My last few months have been … interesting, as in the ancient Chinese saying “May you live in interesting times.” It’s five months since I found Dear Auntie on her bedroom floor, hours after she’d had one stroke too many; I have spent a lot of those five months, dealing with the nearly fifty years of “saved memories” that filled her house. It has been, by turns, surprising, frustrating, hilarious, and heartbreaking. Occasionally it’s made even more poignant by the fact that this was my boyhood home.
And it has rubbed my nose in a lesson that I should’ve always borne in mind:
Just as you own your “stuff”, your stuff owns you.
My first task was to select the furniture to go into her new studio apartment. There was room for her bed, her living-room couch, a couple of easy chairs, and two dressers from her bedroom (one of which had to go into her walk-in closet, along with such of her clothes as would fit and be useful to her). I brought over what I could of her favorite treasures – like the display case she had in her dining room, full of her Hayden-Renaker porcelain horses – but I was left with a lot more stuff that would never fit. And my major task, in getting her house ready for market, has been that of clearing out the remains.
Some of it’s been funny, although frustrating. She hadn’t touched her son’s room after he died in 1987. I found nearly a decade’s worth of Playboy and Penthouse magazines, plus over a hundred plastic model kits that he’d stashed in his closet and in the attic. His bedroom walls were papered over with girlie posters from the 1980s, and he had duplicates for all of them on one closet shelf. Other things have been kind of, well, heartbreaking – like the chopped-off ponytail, long and bronze, that Grammy had saved when Dear Auntie decided to change to a page-boy cut; or the Capezio toe-shoes left over from her first career as a professional dancer. And I found boxes and boxes and boxes of photos – this after Dear Auntie had declared that she never took any photos, didn’t have any in the house.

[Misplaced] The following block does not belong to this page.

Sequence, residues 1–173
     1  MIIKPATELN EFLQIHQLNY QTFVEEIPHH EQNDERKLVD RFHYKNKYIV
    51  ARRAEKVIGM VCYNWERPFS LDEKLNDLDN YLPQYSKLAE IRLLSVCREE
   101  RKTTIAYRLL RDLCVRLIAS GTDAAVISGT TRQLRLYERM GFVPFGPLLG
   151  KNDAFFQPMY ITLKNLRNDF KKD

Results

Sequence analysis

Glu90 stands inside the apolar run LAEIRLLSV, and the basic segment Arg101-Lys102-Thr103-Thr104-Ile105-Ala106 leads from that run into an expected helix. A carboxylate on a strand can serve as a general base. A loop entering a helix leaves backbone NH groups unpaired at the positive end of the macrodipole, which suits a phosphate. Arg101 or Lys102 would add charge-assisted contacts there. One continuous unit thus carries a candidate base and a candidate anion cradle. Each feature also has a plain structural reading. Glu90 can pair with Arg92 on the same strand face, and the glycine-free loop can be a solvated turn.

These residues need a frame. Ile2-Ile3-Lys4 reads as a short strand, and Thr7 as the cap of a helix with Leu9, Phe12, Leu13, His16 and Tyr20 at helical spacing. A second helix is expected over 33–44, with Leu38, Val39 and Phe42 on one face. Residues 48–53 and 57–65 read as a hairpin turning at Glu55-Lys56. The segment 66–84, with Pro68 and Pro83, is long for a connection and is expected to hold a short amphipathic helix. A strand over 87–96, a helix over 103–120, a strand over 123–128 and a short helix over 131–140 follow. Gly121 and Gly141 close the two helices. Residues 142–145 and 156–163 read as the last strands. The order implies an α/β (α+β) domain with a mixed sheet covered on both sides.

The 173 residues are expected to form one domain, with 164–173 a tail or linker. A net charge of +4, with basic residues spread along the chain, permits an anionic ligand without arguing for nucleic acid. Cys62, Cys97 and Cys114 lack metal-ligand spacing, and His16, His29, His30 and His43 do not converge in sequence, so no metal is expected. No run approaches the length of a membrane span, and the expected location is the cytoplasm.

And the papers. Saved receipts, account books that she kept all her life (she was utterly particular about writing down every cent that she spent), bank statements, old love-letters … good grief! I found over $1000 in cash, stashed in different dresser-drawers in her room and my cousin’s. I found silver ingots, old silver dollars, and her sterling table service from her first marriage. I took just-about-all of Dear Auntie’s jewelry over to “Shady Pines” with her.
It took me four months to go through everything properly. Some of the extras went to a consignment store near her place; some went to the Salvation Army, including boxes and boxes and boxes of books. I found “good homes” for some unlikely stuff through a Yahoo! group called “Freecycle,” and I was every bit as happy to get it out as the takers were to receive it. Finally the house is empty and clean, with fresh paint on the walls and ceilings and fresh varnish on the old hardwood floors; our realtor put it on the market yesterday with an open house that attracted a lot of interest (and should result in a good offer).
That brings me back to my nose-burning lesson about “your stuff owns you.”
I acquired my own “stuff-habit” in childhood. Learned it from my mom, from Dear Auntie, from my grandma. It was probably a matter of insecurity, on several levels; my gut feeling is, “if my stuff is there it’s okay for me to be there too.” It doesn’t help that I am addicted to the printed word, fond of re-reading favorite books and hanging on to magazines that have articles I want to keep for reference. And it’s too easy for me to see the possible value in something and say, “Well, I really ought to hang on to that, shouldn’t I?”